Hilary is just the latest major weather event to wreak havoc across the U.S., Canada and Mexico. Hawaii’s island of Maui is still reeling from a blaze that killed more than 100 people, making it the deadliest U.S. wildfire in more than a century. Firefighters in Canada are battling that nation’s worst fire season on record.

Hot water and hot air were both crucial factors that enabled the storm's rapid growth — steering it on an unusual but not quite unprecedented path that dumped 10 months of rain in just one day in some normally bone-dry places, like Palm Springs.

Sunday was the wettest day on record in San Diego with 1.82 inches (4.6 centimeters), the NWS said in a post on X, formerly known as Twitter. The previous record was on Aug. 17, 1977, when 1.8 inches (4.5 centimeters) of rain fell in the area post-Hurricane Doreen.

“We basically blew all of our previous rainfall records out of the water,” National Weather Service meteorologist Elizabeth Adams in San Diego told The Associated Press.

“If a storm is larger, it’s going to rain longer” and over more places, said MIT hurricane scientist Kerry Emanuel. Scientists still don’t know why some storms, like Hilary, get big and some stay small, he said.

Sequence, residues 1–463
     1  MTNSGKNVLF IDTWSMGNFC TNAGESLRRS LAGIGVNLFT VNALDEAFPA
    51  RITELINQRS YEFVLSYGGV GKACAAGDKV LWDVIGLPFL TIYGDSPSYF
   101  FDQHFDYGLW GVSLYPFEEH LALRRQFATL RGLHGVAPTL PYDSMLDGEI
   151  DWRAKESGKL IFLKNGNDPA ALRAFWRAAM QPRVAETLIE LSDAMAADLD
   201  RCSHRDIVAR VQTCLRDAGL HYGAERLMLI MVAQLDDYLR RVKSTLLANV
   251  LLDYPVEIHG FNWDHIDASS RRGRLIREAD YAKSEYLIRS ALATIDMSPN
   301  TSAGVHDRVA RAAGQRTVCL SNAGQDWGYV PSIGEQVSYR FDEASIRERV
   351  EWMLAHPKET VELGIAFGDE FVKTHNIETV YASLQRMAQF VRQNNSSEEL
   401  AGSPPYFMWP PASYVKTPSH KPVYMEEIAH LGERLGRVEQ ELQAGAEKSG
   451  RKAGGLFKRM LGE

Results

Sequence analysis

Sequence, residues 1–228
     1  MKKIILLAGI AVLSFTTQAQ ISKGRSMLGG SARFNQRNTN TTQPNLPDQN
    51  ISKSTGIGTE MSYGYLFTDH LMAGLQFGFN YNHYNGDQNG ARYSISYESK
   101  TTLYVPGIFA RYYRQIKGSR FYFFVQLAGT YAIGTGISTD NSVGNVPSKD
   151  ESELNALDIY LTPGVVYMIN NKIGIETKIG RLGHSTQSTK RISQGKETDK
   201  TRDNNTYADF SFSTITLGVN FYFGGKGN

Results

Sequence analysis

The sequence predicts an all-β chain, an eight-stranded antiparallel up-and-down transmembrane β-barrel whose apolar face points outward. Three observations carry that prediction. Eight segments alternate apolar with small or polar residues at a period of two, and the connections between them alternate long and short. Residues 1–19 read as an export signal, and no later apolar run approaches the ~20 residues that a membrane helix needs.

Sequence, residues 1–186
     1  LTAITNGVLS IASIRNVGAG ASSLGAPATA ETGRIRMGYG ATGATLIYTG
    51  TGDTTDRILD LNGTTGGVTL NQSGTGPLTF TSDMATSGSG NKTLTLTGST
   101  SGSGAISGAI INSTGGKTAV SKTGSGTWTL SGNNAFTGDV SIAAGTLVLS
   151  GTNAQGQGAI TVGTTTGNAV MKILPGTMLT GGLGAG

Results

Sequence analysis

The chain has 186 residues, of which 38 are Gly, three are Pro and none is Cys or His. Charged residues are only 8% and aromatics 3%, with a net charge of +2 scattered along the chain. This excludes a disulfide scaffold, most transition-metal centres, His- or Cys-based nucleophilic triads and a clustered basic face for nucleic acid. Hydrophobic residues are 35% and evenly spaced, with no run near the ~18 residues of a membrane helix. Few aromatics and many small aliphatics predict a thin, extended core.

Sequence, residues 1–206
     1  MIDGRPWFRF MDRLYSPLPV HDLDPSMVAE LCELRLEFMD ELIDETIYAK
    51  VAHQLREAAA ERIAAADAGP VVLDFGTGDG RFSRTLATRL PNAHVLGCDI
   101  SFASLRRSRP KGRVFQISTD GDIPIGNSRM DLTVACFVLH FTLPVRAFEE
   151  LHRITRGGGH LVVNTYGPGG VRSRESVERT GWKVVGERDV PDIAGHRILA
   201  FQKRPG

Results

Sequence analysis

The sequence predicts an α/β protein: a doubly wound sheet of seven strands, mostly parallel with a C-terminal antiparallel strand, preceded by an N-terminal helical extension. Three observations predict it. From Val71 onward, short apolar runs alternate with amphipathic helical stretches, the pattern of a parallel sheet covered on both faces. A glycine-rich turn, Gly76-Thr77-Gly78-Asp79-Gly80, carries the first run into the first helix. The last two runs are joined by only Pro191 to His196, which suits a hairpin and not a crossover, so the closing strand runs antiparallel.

“It’s quite unusual for an Eastern Pacific storm to be so large since they are usually small and stay deep in the tropics,” said University of Albany atmospheric scientist Kristen Corbosiero, an expert on Pacific hurricanes. She said that bigger storms are especially bad for areas like the Southwest U.S. and California that are not used to large amounts of rain in the summer.

Tropical storm Hilary brought rain, strong winds and mudslides across Southern California, blocking interstates and knocking out 911 services in some areas.

The wet weather might stave off wildfires for a few weeks in Southern California and in parts of the Sierra Nevada but widespread rain is not expected in the most fire-prone areas spanning from Northern California to British Columbia, University of California, Los Angeles, climate scientist Daniel Swain said in an online briefing Monday.

The water rose knee-high in a homeless encampment along the rising San Diego River where fire officials rescued 13 people. Farther north, crews pumped floodwaters out of the emergency room at Eisenhower Medical Center in Rancho Mirage.

In Cathedral City in the desert, Kimberly Garnica, 20, woke up to find that her car was stuck in mud outside her home.

“The yard is just filled with a lot of mud," she said. "You can just tell the streets aren’t really built for this.”